How do firms and analysts determine the value of a company’s assets over time? And how do we use the value of those assets to establish whether a firm is growing or not? Out of the many metrics available, D&A and Fixed assets are perhaps two of the most valuable, as they can be both easily mastered and provide meaningful insights into a company’s growth. But what do they mean and how do they affect one another? Let’s find out!
What is D&A?
D&A, which is short for Depreciation and Amortization, refers to the decrease in the value of assets as they are used over time or approach the end of their useful life. Think of a car – the more you use it, the less money you will be able to get from selling it afterwards. While both depreciation and amortization measure an asset’s “wear and tear”, they have some key differences, therefore it is important to examine each component on its own.
What is Depreciation?
Depreciation refers to the decrease in the value of tangible assets. Tangible assets are assets that have a physical form and a specific lifecycle. Examples of tangible assets include production equipment, office equipment, and other types of property. They are also often referred to as Property, Plant, and Equipment (PP&E).
The economic meaning of depreciation is that year after year the asset becomes older and loses some of its market value. Depreciation is shown as an expense in the Income Statement because the asset has been used by the business, and this is a cost that should be accounted for when calculating the company’s profitability.
At the end of their lifecycle the value of assets does not reach zero, but a certain salvage value. This is either what the company sells the asset for once it is no longer useful, or in some cases the money the company earns by selling it to be salvaged for parts.
What is Amortization?
Amortization is similar to Depreciation, but it refers to the decrease in value of intangible assets instead. Intangible assets are assets that have no physical form, yet still provide value for a company. Examples of intangible assets include brand recognition, intellectual property, copyrights, franchise rights, and patents.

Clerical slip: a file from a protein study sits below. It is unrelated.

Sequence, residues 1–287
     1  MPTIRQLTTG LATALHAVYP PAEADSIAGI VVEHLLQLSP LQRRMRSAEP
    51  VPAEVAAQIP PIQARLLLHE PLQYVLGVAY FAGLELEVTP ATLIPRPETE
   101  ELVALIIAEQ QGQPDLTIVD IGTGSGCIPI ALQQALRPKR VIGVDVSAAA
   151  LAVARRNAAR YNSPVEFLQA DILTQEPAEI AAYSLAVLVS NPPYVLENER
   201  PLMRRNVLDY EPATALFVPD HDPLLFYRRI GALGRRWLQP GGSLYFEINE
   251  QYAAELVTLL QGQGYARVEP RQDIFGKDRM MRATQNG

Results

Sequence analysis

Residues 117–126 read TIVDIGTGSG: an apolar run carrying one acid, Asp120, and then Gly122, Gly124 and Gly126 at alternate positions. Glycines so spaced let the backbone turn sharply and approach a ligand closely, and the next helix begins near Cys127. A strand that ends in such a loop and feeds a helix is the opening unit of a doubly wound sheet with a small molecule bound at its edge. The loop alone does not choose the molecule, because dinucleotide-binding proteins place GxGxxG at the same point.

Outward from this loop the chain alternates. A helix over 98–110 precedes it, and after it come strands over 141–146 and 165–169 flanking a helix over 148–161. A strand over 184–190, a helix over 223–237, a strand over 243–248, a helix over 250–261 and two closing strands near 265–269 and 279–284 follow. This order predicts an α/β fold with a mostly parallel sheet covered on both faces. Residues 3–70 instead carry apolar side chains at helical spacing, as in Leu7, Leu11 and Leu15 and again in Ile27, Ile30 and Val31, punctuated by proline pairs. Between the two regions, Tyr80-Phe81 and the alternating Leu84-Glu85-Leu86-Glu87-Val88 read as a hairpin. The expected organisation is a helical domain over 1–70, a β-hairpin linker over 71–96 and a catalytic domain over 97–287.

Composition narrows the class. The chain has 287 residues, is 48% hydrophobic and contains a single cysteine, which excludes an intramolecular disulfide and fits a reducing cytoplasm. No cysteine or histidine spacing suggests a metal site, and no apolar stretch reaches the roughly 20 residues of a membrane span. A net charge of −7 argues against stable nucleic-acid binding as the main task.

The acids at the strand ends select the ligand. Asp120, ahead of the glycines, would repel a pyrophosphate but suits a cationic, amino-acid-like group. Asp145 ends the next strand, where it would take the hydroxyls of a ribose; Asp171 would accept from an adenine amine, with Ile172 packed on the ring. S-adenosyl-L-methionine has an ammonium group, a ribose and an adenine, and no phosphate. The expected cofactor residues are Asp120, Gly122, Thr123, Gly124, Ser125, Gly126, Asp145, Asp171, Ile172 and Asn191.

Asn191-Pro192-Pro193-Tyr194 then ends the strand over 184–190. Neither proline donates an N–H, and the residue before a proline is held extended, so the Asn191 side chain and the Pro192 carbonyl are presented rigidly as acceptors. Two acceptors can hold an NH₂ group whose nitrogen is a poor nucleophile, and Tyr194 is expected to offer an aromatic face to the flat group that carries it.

Many of those assets have a useful life, thus their value decreases as its end approaches. We should bear in mind that only intangible assets with finite lives (such as software licenses) are subject to amortization. Intangible assets such as a firm’s brand are not amortized, given that they have an indefinite life.
How to Calculate D&A?
Imagine that a firm buys a vehicle for $30,000. The vehicle has an estimated useful life of eight years. How much should be charged as an expense this year? We know that $30,000 has been paid for the vehicle, but only a portion of this sum can be attributed to the current period.
Instead, the following will occur. The firm will register an asset that costs $30,000 on its Balance Sheet, and will decrease its cash by $30,000.
Then, year after year, the value of the asset will decrease as it becomes older and obsolete. The firm will have to implement a depreciation method in order to calculate by how much the value of the asset will be reduced each year.
Two main methods can be used to calculate depreciation: straight-line depreciation and depreciation based on use.
The Straight-Line Method